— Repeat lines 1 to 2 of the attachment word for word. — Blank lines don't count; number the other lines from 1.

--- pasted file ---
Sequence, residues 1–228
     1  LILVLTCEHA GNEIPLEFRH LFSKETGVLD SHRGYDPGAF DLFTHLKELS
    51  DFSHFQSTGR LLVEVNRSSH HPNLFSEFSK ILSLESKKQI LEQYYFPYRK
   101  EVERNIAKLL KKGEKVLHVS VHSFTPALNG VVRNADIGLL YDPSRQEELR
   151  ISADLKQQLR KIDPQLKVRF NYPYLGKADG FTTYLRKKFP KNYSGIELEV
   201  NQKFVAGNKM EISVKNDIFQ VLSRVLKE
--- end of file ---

Sequence, residues 1–228
     1  LILVLTCEHA GNEIPLEFRH LFSKETGVLD SHRGYDPGAF DLFTHLKELS